Sunday, June 16, 2013

Sense of Foreboding

I'm not sure when it happened but recently I realized that I often view some of the things I have to do as "something I just have to get through." I'll look at my schedule for the coming weeks and think something like this: "Oh, that event/party/parade/vacation or whatever…I just have to make it through that and then I'll be fine." 

I'm wondering if this is what it's like to get older.

I'm more likely to have a sense of dread about events that have a big facet of the unknown to them. Like I'm going to an unfamiliar place, or where there will be a lot of people I don't know. The thought is: "what the heck am I going to have to deal with?" And this sense of uncertainity triggers the sense that somehow I'm going to have a hard time getting through it.

The good news is that the more I force myself into situations I'm uncomfortable with, the better I'm able to face life and its unknowns with a sense of purpose and courage.

Friday, June 14, 2013

Value Judgments and Social Media

Recently I posted something to the effect that making judgments causes us misery. With this notion in mind, I examined my use of social media. While on Facebook, Twitter, Tumblr etc, I am compelled to make dozens of decisions per minute about whether or not I "like" something or have an comment-worthy (or share-worthy or reblog-worthy or retweet-worthy) opinion about it. Not only am I using my own judging sense, I'm being subjected to other peoples' opinions about what's worthy of my time and attention. All this agreeing, disagreeing, liking, disliking, etc makes my brain buzz with value judgments, hundreds if not thousands of them a day. And I can tell you from experience I'm a lot happier when I can brush off opinions and just rest in what is.

In a nutshell, social media compells me to put a value filter on everything. And that often makes me rather grumpy. So my summer goal is Less Social Media.

I have a beautiful backyard with a hammock. Come visit me sometime.

And just in case you did want my opinion:

It's my belief that reducing thoughts that mentally make us separate from others is the key to contentment. (I'm aware that's just my opinion and you may disagree). All the same, we naturally fall into the habit of judging, and there's no need to beat ourselves up about it. That's just how it is, and one can strive to be more mindful of one's judging, or not. I'd argue that being mindful of when you are putting a value filter on things can lead to a happier, more peaceful state of mind, even if you can't eliminate the judging itself.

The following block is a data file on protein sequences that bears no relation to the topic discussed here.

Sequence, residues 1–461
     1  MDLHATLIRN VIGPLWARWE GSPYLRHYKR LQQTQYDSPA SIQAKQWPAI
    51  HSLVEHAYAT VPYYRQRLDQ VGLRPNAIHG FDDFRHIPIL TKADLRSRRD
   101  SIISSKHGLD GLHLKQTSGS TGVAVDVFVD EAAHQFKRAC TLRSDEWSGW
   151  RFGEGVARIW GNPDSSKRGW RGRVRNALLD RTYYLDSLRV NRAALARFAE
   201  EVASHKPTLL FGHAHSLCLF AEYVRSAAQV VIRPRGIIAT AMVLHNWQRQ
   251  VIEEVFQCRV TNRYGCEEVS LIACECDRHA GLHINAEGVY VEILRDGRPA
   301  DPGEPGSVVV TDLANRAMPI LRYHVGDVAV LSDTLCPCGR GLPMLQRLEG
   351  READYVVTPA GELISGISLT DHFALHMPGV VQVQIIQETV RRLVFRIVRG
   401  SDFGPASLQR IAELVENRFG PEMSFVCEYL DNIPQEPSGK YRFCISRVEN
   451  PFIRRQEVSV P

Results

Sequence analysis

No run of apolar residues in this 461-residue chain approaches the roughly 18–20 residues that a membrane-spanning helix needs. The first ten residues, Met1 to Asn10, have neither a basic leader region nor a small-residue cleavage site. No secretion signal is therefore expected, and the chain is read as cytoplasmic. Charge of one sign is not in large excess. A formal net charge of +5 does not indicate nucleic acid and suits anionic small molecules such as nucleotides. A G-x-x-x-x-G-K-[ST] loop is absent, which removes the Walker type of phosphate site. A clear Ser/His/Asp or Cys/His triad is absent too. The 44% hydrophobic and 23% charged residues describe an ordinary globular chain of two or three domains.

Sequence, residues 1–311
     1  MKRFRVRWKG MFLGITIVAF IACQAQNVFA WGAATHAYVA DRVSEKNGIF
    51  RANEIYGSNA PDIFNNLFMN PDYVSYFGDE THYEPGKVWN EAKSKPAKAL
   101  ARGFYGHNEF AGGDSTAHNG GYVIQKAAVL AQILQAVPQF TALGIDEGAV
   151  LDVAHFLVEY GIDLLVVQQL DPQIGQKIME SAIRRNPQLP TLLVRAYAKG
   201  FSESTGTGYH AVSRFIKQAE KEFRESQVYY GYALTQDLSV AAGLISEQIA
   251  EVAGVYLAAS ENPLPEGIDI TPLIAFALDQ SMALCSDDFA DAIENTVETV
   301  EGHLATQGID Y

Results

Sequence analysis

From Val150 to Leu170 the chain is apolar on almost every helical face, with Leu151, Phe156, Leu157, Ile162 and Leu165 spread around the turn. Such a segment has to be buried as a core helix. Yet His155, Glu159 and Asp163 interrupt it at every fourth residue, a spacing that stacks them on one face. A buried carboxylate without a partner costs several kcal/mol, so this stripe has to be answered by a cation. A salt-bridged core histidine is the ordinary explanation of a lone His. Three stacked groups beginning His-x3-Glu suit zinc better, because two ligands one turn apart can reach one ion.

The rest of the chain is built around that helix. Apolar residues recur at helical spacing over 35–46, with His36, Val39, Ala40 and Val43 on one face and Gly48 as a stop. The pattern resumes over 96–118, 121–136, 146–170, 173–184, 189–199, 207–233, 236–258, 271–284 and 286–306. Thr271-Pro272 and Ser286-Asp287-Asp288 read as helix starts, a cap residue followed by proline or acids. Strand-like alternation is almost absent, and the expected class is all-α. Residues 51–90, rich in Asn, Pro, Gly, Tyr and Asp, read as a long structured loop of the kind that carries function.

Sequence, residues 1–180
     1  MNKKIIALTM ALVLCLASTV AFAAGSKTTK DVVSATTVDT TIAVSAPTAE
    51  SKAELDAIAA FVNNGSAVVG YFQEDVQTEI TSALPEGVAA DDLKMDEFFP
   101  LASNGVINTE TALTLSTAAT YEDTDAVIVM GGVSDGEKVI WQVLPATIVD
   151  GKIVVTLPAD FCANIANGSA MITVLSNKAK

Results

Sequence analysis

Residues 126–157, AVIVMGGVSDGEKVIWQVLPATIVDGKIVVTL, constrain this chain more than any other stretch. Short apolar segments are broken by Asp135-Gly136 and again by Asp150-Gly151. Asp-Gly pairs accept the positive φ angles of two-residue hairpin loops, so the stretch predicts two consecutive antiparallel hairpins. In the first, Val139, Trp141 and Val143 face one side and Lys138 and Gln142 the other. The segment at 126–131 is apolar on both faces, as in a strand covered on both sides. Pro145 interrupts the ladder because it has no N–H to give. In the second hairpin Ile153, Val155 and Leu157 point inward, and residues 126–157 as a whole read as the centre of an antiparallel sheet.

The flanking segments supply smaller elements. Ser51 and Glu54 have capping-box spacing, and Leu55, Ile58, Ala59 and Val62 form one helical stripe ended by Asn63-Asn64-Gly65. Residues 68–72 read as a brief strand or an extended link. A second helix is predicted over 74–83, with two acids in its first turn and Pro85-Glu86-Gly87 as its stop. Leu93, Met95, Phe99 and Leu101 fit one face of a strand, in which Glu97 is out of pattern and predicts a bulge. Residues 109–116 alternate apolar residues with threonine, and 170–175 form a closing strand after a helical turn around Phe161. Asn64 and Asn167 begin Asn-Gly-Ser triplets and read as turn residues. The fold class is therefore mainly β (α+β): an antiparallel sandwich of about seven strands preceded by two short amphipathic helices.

Monday, June 10, 2013

Spot the Pattern

I need to read the same thing from multiple sources before it finally occurs to me to put it all together and internalize the message. So in a marvelous coming together of resources, nearly every book I’ve read recently is saying the same basic thing in different ways.

See if you can detect the pattern:

“All we need to do is pay attention. We don’t have to decide if something is good or bad, right or wrong.  We don’t need to have judgments about what kind of person we are because we have certain kinds of thoughts of thoughts or feelings or reactions. That is the road to suffering. Our job is quite different: Just notice. What is happening right now? We notice this, then this, then that, then that… We pay attention to all of it. Where is the suffering?”
Suffering is Optional, by Cheri Huber

“The Indian philosopher J. Krishnamurti once remarked that observing without evaluating is the highest form of human intelligence. When I first read this statement, the thought, “What nonsense!” shot through my mind before I realized that I had just made an evaluation. For most of us, it is difficult to make observations, especially of people and their behavior, that are free of judgment, criticism, or other forms of analysis.”
Nonviolent Communication, by Marshall Rosenberg

“In a Zen kitchen, you do not compare or judge one apple as better than another. Every piece of food is unique unto itself, and every item of food is to be cherished without comparison.” – The Mystic Cookbook, by Denise Linn and Meadow Linn

“The Great Way is not difficult;
It only avoids picking and choosing.
When love and hate are both absent,
Everything becomes clear and undisguised.
Make the smallest distinction, however,
And heaven and earth are set infinitely apart.
If you wish to see the truth,
Then hold no opinions for or against anything.
To set up what you like against what you dislike
Is a disease of the mind.
When the deep meaning of things is not understood,
The mind’s essential peace is disturbed to no avail.
The Way is perfect like vast space,
Where nothing is lacking and nothing is in excess
Indeed, it is due to our choosing to accept or reject
That we do not see the true nature of things.
Live neither in the entanglements of outer things
Nor in inner feelings of emptiness.
Be serene in the oneness of things
And such erroneous views will disappear by themselves.
To deny the reality of things
Is to miss their reality;
To assert the emptiness of things
Is to miss their reality.
The more you talk and think about it,
The further astray you wander from the truth.
Stop talking and thinking
And there is nothing that you will not be able to know.

So continuing in this theme, I will neither comment nor judge the preceding quotes. I simply present them to you, to make of what you will.